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Darrio aka Manifest, Kon aka J.Manifest, Yasim aka J.Krucial, Omar aka Scrappy, ACTIVATE 2750, Ash Keating

Darrio aka Manifest, Kon aka J.Manifest, Yasim aka J.Krucial, Omar aka Scrappy, ACTIVATE 2750, Ash Keating

Darrio aka Manifest, Kon aka J.Manifest, Yasim aka J.Krucial, Omar aka Scrappy, ACTIVATE 2750, Ash Keating

samson & delilah wins camera d’or

Warwick Thorton’s Samson & Delilah, featured on the cover and in interview and review in RealTime 90 (pp 23, 24), has won the Camera d’Or at the 2009 Cannes Film Festival for Best Debut Feature Film. The film was programmed in the Official Selection and shown in Un Certain Regard—a category for “films that express a personal vision, with an emphasis on special cultural expression and cinematic innovation.” The film is currently screening in Australian cinemas and will be shown later this year on ABC TV.

kronos quartet plays jon rose

The American string quartet, Kronos, have collaborated with Australian violinist and composer Jon Rose (RT90, p48) on Music From 4 Fences, a work commissioned by the Sydney Opera House and premiered June 5. Rose has played fences around the world for decades and, more recently, with partner Hollis Taylor has sounded them across Australia (as documented in Taylor’s book, RT82, p40). After hearing Rose’s Rabbit-Proof Fence, Kronos leader David Harrington came to Sydney to meet the composer. A work for barbed wire fence (with its connotations of brutal containment of land, animals and humans) is the result.

heart library: st vincent’s hospital

George Khut researches the use of biofeedback “for re-imagining how we think of, and experience ourselves in relation to our bodies.” After its successful showing at Campbelltown Arts Centre as part of the 2008 Mirror States media arts exhibition, Khut’s The Heart Library Project will make its first appearance in a hospital, Sydney’s St Vincent’s, where it will be open to patients, staff and the public. In 2008, Keith Gallasch wrote, “The Heart Library goes much further [than previous Khut works] in transforming states of being into artistic mirrorings and with greater audience-as-co-maker participation. The visitor retires to a gently darkened space, stretches out on a cushioned platform, holds a sensor in each hand and encounters themself, life-sized, on a screen above. The pace of the heartbeat yields a flow of snow or blossom-like drift over the body and changes in colour and sound. For some participants the variation is subtle, for others relatively dramatic in intensity. On leaving the space, you enter another hung with full-scale drawings by other participants reflecting what they’d just experienced. A number are distinctive artworks and all are revealing about where people see their bodies, centred or off-balance, wounded, anxious or enjoyed” (RT87, p34).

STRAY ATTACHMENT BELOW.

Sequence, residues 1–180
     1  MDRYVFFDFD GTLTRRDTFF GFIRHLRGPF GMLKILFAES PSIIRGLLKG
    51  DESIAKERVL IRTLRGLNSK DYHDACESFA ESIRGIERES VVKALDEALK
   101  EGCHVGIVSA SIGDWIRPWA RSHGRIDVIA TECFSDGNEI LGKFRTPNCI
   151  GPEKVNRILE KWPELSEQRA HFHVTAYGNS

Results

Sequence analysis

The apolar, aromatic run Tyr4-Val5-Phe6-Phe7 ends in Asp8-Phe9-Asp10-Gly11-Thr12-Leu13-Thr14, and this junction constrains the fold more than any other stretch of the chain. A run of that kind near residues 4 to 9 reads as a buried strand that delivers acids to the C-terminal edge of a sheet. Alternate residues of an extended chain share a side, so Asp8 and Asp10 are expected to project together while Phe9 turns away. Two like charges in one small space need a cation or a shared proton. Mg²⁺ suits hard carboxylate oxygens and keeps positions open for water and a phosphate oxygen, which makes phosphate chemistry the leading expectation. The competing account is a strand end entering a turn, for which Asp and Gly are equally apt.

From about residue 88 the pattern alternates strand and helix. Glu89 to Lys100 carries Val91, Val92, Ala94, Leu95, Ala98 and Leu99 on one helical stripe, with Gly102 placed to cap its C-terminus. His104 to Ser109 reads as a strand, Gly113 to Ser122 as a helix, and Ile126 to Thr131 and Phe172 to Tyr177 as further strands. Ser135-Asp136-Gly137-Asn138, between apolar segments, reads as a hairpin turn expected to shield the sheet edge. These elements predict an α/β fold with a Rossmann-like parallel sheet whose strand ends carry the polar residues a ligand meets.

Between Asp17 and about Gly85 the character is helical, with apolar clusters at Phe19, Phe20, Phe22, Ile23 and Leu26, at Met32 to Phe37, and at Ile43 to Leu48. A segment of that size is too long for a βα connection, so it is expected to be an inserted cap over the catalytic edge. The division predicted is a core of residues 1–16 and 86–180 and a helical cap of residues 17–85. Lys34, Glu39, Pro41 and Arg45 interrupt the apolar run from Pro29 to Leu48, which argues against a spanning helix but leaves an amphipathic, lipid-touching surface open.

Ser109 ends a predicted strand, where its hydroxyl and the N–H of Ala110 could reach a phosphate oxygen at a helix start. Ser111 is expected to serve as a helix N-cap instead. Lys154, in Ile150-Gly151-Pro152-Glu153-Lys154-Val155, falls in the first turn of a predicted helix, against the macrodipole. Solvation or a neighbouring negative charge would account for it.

As part of this Australia Council supported research project and in collaboration with dLux Media Arts, Khut reports that “he will also be collaborating with clinical psychologist Steven Albert and youth arts-health worker Emma Watkins of Urban Arts Base to explore the potential of this work as a vehicle for promoting mental health awareness to young people negotiating issues such as anxiety, panic attacks and depression.” The Heart Library Project at St Vincent’s, An Interactive Art Project by George Khut, Level 4, Xavier Ward, St. Vincent’s Public Hospital, Darlinghurst, Sydney, July 6-19, www.georgekhut.com

emerge festival

Multicultural Arts Victoria’s Emerge Festival will be a potent reminder, and news for many, of the dramatically changing Australian multicultural landscape, not least with its large contribution from immigrant African artists. Emerge is a celebration of Victoria’s many undiscovered refugee cultures and includes a much warranted focus on the plight of the Burmese people. The festival commemorates the United Nations World Refugee Day and celebrates Refugee Week in Australia with a series of concerts and events around Melbourne, June 16-July 26.

The festival commences with a five-hour Fitzroy Town Hall concert featuring many African artists alongside Australian Indigenous and Maori performers. The town hall event includes an Ethiopian coffee ceremony, a wide range of cuisines, workshops in and displays of Pacific Island body percussion, African drumming, belly dancing, henna tattooing, hairbraiding and concert performances from African communities from across the continent: Guinea, Sierra Leone, Burundi, Sudan, Ethiopia, Tanzania, Congo, Zimbabwe and Ethiopia. Other events in Emerge embrace cultures from Afghanistan and India to Turkey and Japan. www.multiculturalarts.com.au/events2009/emerge.shtml

it’s a jungle out there

Martin del Amo sees the city as a rich source of choreographic material. His new work will premiere at Campbelltown Art Centre, June 24-27. Titled It’s a jungle out there, it will “physicalise Sydney’s labyrinthine, many-faceted nature, distilling the complexity of the urban experience into a multi-layered performative fabric made of dance, story telling and electronic sound design.”